Over the past few weeks, Twitter has flagged multiple tweets from President Donald Trump and his administration, claiming that a number of their tweets violated the platforms rules surrounding glorifying violence and potentially misleading voting information.
“Twitter is doing nothing about all of the lies & propaganda being put out by China or the Radical Left Democrat Party,” the president responded in a tweet. “They have targeted Republicans, Conservatives & the President of the United States. Section 230 should be revoked by Congress. Until then, it will be regulated!”
Following his response on Twitter, the president signed an executive order encouraging the Federal Communications Commission to reevaluate the scope and rules of Section 230 of the Communications Decency Act, which protects tech companies from being held liable for anything that users say on their platforms.
In an interview for Fox News last month, Facebook CEO Mark Zuckerberg took a stance on the issue by exclaiming that private companies should not act as the “arbiter of truth” online. Twitter CEO Jack Dorsey later responded to Zuckerberg’s statement in a thread of tweets, explaining that the platform’s intention is to “connect the dots of conflicting statements and show the information in dispute so people can judge for themselves.”
The debate between the two Silicon Valley giants sparks a much larger conversation: do social media platforms have an obligation to rebuke fake news and educate users, especially when it comes to public figures like the president?
Earlier this year, Twitter implemented new labels and warning messages that provide additional context and information to dispute false and/or misleading information. The platform broke down false and misleading content into three categories, including misleading information, disputed claims and verified claims that may be given a warning message, a label or nothing at all depending on the claim’s severity.
To identify problematic Tweets, the social media platform explained that it is using internal systems to monitor content and other trusted partners to identify Tweets that could insight offline harm. Twitter has promised that the process is ongoing and that it will “continue to introduce new labels to provide context around different types of unverified claims and rumors as needed.”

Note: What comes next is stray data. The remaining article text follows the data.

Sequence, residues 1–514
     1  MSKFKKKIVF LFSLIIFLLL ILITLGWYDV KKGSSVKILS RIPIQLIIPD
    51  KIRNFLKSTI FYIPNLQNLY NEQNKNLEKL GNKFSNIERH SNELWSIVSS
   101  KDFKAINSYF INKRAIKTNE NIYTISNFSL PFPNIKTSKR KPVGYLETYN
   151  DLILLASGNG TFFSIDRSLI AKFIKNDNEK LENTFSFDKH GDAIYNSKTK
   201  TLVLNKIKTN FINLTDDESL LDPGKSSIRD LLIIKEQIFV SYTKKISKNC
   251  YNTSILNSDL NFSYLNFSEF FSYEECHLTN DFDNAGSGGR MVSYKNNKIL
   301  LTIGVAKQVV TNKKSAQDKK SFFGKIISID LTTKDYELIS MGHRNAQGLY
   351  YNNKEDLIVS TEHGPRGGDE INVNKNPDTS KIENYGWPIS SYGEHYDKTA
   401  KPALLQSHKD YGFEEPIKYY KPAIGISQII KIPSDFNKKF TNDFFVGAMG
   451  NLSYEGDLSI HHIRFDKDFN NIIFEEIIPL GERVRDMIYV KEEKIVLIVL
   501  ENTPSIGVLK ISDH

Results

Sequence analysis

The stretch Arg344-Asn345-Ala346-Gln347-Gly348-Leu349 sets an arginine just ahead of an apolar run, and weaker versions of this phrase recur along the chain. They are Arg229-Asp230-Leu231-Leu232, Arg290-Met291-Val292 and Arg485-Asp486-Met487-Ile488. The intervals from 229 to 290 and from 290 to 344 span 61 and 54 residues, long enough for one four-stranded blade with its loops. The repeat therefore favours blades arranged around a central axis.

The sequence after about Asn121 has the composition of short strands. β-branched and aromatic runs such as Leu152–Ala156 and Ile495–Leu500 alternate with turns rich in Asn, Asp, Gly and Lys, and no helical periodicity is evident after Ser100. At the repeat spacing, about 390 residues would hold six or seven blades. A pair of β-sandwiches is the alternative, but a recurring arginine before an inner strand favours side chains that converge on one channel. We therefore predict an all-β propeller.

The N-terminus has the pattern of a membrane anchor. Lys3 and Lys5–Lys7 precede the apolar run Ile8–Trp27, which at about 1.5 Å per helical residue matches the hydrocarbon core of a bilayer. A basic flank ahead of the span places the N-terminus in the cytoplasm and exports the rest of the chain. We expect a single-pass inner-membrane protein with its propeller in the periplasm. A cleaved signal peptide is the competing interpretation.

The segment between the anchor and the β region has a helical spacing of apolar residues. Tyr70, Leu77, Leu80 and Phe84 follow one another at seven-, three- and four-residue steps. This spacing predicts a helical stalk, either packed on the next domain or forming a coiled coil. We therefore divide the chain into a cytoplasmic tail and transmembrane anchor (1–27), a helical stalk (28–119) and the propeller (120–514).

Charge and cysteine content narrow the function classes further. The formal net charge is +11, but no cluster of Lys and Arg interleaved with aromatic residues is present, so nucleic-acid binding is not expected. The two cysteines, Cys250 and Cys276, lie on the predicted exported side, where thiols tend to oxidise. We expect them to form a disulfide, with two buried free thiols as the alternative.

Facebook, on the other hand, has a very different stance on the spread of fake news and misinformation. In Facebook’s Community Standards, the platform states that it believes there is a line between false news and satire or opinion. To further emphasize this statement, Facebook explains that they “don’t remove false news from Facebook but instead, significantly reduce its distribution by showing it lower in the News Feed.”
In addition, Zuckerberg has further elaborated on the platform’s decision to not remove false news, especially when it comes to the president, because “[Facebook] think[s] people need to know if the government is planning to deploy force.”
While both Facebook and Twitter claim they disapprove of fake news and do not support its spread, each platform has astronomically different opinions on its removal from social media. Does the public deserve to have access to potential false and/or misleading information president for their own protection, or will leaving false or misleading information on the platform position them in even more danger?
Though there may not be a cookie-cutter answer to this ongoing debate, if the president’s plan to hold tech companies liable for their actions moves forward, the big tech industry could change entirely as we know it (and possibly not for the better).
Dylan Manderbach is a public relations associate at Flackable, a national, full-service public relations agency headquartered in Philadelphia. To learn more about Flackable, please visit www.flackable.com.